By Darren Waters
Technology editor, BBC News website
The ad-serving system profiles the sites people visit online
The European Commission has started legal action against Britain over the online advertising technology Phorm.
It follows complaints to the EC over how the behavioural advertising service was tested on BT's broadband network without the consent of users.
Last year Britain had said it was happy Phorm conformed to European data laws.
But the commission has said Phorm "intercepted" user data without clear consent and the UK need to look again at its online privacy laws.
In a statement, Phorm said its technology was "fully compliant with UK legislation and relevant EU directives".
It added that it did not believe the Commission's legal action would have "any impact on the company's plans going forwards".
At the heart of the legal action by the EC is whether users have given their consent to have their data intercepted by the advertising system.
A spokeswoman from the commission told BBC News that the EC wanted the UK to ensure there were procedures in place to ensure "clear consent from the user that his or her private data is being used".
At present, UK law only covers "intentional" interceptions and requires there only to be a "reasonable grounds for believing" that consent to interception has been given.
"Technologies like internet behavioural advertising can be useful for businesses and consumers but they must be used in a way that complies with EU rules," the EU's Telecoms Commissioner Viviane Reding said in a statement.
She added: "We have been following the Phorm case for some time and have concluded that there are problems in the way the UK has implemented parts of the EU rules on the confidentiality of communications."
Ms Reding said Britain needed to to change its national laws to ensure there were proper sanctions to enforce EU confidentiality rules.
Unless Britain complies, Ms Reding has the power to issue a final warning before taking the country to the 27-nation EU's top court, the European Court of Justice. If it rules in favour of the European Commission, the court can force Britain to change its laws.
BT admitted last year it had tested Phorm's technology on its network with thousands of customers without asking for their consent or informing them of the trials. It later carried out further trials of the service, which it markets as Webwise, with the consent of users.
BT and Phorm have previously said they sought legal advice before carrying out the first trials.
Phorm's works by "trawling" websites visited by users whose ISPs have signed up to the service and for whom the technology is switched on, and then matches keywords from the content of the page to an "anonymous" profile.
Users are then targeted with adverts that are more tailored to their interests on partner websites that have signed up to Phorm's technology.
The technology differs from other behavioural advertising systems which tend to use data only from partner websites visited by users, and do not work in conjunction with internet service providers.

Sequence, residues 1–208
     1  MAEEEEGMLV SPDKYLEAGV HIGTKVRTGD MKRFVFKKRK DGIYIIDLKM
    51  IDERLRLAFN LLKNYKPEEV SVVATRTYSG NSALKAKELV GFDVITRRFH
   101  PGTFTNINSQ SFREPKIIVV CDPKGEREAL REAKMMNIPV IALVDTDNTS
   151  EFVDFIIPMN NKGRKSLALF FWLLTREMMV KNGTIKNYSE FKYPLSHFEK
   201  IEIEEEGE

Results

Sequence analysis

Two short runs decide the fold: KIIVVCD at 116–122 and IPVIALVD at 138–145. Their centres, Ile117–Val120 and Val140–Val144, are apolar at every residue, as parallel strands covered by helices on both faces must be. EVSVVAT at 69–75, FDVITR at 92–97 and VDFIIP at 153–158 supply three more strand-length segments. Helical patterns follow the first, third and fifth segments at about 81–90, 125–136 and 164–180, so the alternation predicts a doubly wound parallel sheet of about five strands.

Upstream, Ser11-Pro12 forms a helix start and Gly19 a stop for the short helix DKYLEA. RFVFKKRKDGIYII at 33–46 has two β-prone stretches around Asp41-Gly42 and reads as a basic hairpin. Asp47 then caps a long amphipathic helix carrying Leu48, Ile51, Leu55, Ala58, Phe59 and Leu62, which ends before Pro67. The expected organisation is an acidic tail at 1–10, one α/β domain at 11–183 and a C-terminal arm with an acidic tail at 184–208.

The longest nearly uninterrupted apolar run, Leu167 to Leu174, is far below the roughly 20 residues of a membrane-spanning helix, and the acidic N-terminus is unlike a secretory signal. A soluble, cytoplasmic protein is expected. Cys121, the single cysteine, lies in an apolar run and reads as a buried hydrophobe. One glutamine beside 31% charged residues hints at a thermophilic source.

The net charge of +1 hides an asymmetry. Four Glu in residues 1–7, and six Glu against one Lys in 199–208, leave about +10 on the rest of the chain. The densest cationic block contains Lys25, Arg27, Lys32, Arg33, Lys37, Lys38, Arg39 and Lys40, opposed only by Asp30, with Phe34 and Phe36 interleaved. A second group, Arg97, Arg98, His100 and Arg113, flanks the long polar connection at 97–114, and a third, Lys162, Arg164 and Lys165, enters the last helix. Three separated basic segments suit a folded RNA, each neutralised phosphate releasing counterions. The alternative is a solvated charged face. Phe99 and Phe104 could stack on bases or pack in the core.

The service has proved controversial for some campaigners who believe it breaks UK data interception laws.
Nicholas Bohm, general counsel for the Foundation for Information Policy Research, which has led the criticisms of Phorm's technology, said he welcomed the EC's intervention.
"It will in effect apply pressure to the information commissioner and the Home Office and maybe even the Crown Prosecution Service in its contemplation of the illegality of the BT trials."
He said FIPR welcomed the emphasis on user consent, but also stressed that the body felt that website owners too should give their consent for their sites to be trawled by Phorm's technology.
"It is pleasing to see the EC is taking this issue more seriously than UK government departments here," he added.
Last year, Phorm received clearance from the Home Office and police closed a file on BT trials of the technology which looked into their legality.
The UK government said last year the technology could only be rolled out if users had given their consent and it was easy for people to opt out.
The European Union Directive on Privacy and Electronic Communications requires member states to ensure the confidentiality of their communications and related traffic data. States must, it says, prohibit interception and surveillance unless the users concerned have given their consent.
The commission has also said it is concerned that the UK does not have an independent national supervisory authority to deal with the intentional interceptions of user data.
Mr Bohm suggested that the Information Commissioner's role could be widened to deal with the issue of interception of user data.
Jim Killock, executive director of the Open Rights Group said: "There are big legal questions surrounding BT's use of Phorm, so we welcome the EU taking the government to task.
"BT should respect everyone's privacy and drop their plans to snoop on the internet before they damage their own reputation further. Websites should protect their users and block Phorm now."
BT declined to comment on the EC's actions.